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Abstract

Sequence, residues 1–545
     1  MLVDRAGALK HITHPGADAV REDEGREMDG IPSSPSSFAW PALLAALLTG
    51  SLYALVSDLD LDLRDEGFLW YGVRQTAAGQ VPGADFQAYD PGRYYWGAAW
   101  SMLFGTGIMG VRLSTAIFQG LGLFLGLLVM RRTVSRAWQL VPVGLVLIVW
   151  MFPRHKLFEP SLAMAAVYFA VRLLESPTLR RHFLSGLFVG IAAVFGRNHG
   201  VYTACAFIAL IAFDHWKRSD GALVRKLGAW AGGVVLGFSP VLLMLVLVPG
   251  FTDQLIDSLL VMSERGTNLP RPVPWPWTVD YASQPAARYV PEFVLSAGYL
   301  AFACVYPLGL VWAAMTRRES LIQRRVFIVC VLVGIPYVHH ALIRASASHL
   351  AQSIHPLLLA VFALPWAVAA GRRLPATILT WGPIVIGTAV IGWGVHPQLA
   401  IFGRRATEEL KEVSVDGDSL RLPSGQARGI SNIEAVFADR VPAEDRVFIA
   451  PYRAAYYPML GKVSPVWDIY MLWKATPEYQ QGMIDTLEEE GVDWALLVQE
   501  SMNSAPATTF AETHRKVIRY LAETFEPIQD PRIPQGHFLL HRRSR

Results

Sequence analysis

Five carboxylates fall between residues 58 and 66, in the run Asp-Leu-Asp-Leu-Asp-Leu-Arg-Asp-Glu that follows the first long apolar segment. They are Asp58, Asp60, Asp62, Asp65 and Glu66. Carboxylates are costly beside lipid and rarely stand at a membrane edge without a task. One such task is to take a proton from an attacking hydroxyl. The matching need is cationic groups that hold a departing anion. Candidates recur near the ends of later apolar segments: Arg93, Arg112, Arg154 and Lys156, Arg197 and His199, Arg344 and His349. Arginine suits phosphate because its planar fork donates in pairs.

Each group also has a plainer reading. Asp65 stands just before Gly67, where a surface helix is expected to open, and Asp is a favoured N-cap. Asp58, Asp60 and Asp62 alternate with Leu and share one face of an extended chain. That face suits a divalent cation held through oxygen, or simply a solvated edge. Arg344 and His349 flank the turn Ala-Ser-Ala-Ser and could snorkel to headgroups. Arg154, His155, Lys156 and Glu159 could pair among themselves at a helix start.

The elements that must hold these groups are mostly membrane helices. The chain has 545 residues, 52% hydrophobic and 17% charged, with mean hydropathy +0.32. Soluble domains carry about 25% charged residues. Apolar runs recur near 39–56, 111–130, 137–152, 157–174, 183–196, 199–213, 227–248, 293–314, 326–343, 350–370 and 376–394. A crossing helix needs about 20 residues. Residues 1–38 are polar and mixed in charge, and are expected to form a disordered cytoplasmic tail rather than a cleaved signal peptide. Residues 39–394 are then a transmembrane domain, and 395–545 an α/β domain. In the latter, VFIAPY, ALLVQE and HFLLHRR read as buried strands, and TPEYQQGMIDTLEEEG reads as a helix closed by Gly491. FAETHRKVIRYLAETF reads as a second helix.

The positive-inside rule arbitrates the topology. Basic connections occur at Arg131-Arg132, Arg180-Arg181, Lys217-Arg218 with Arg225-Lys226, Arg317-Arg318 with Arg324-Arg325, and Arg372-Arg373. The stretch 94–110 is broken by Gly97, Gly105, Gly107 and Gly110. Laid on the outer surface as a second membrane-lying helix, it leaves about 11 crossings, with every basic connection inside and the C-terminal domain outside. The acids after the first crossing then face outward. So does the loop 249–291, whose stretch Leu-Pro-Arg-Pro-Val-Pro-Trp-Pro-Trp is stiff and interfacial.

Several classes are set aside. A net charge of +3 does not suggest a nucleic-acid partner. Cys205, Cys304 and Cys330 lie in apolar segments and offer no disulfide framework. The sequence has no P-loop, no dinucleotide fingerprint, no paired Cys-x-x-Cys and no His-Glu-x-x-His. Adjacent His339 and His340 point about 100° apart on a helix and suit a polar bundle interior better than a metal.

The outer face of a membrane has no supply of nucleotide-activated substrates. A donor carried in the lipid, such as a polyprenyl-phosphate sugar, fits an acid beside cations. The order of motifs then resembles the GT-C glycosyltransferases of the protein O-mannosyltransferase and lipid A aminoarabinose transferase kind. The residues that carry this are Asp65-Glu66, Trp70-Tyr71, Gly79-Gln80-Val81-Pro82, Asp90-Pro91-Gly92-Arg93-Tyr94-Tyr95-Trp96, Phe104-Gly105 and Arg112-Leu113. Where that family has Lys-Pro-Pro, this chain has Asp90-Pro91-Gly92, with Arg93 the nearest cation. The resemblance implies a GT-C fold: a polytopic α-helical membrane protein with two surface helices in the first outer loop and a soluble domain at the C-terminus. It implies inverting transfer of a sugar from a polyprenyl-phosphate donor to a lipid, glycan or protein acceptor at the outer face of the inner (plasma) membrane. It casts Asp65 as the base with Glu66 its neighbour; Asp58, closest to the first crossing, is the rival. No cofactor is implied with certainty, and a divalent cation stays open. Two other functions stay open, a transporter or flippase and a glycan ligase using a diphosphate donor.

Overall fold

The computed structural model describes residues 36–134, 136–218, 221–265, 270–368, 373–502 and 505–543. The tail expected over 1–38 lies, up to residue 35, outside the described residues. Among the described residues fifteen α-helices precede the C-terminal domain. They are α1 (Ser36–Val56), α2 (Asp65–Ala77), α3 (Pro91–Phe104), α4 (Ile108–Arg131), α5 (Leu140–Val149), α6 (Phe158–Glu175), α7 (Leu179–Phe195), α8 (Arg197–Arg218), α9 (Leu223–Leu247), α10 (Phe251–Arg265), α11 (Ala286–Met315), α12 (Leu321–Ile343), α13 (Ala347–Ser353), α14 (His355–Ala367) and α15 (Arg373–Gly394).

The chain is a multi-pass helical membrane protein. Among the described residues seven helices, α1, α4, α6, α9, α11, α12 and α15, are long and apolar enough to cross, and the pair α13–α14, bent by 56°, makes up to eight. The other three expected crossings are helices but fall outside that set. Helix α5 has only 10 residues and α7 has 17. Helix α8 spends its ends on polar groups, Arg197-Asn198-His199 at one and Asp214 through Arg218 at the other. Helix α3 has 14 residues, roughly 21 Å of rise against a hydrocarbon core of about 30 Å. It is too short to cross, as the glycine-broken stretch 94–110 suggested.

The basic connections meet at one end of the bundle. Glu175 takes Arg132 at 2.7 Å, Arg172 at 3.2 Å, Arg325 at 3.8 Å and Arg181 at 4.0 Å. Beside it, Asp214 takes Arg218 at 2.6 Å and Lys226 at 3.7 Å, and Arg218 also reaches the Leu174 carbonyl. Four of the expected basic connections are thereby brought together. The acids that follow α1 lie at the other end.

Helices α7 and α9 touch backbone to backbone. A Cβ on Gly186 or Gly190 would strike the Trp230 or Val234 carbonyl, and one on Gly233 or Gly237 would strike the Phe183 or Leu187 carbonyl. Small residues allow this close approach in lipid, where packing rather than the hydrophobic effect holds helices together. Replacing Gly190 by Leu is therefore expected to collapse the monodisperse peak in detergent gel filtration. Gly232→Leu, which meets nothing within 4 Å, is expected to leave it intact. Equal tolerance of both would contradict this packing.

In 1998, the United States Securities and Exchange Commission (“SEC” or “Commission”) released a style manual titled “The Plain English Handbook.” The culmination of a drive by its Chairman, Arthur Levitt, the Handbook drew upon the rules of grammar, best industry practice, and even the support of billionaire Warren Buffett in calling for a layman’s translation of corporate disclosure documents. To varying degrees, commentators noted the significance of the Handbook. Initial textual studies provided mixed results. The press marveled at its novelty but securities regulation experts were less sanguine, chiding Commission members for naming themselves “language czars of the universe.” Meanwhile, the cause of corporate disclosure—a mission long defined by federal case law—continued its second phase as the SEC, the courts, and stock issuers sought to strike a balance between financial expertise and consumer satisfaction. From this effort came the separate but related causes of evaluating substantive content and delivering it in good faith. These causes eventually morphed, however, forcing jurists to locate further authority animating the remedial securities laws. Consequentially the Handbook, at times, tipped this balance of corporate disclosure.

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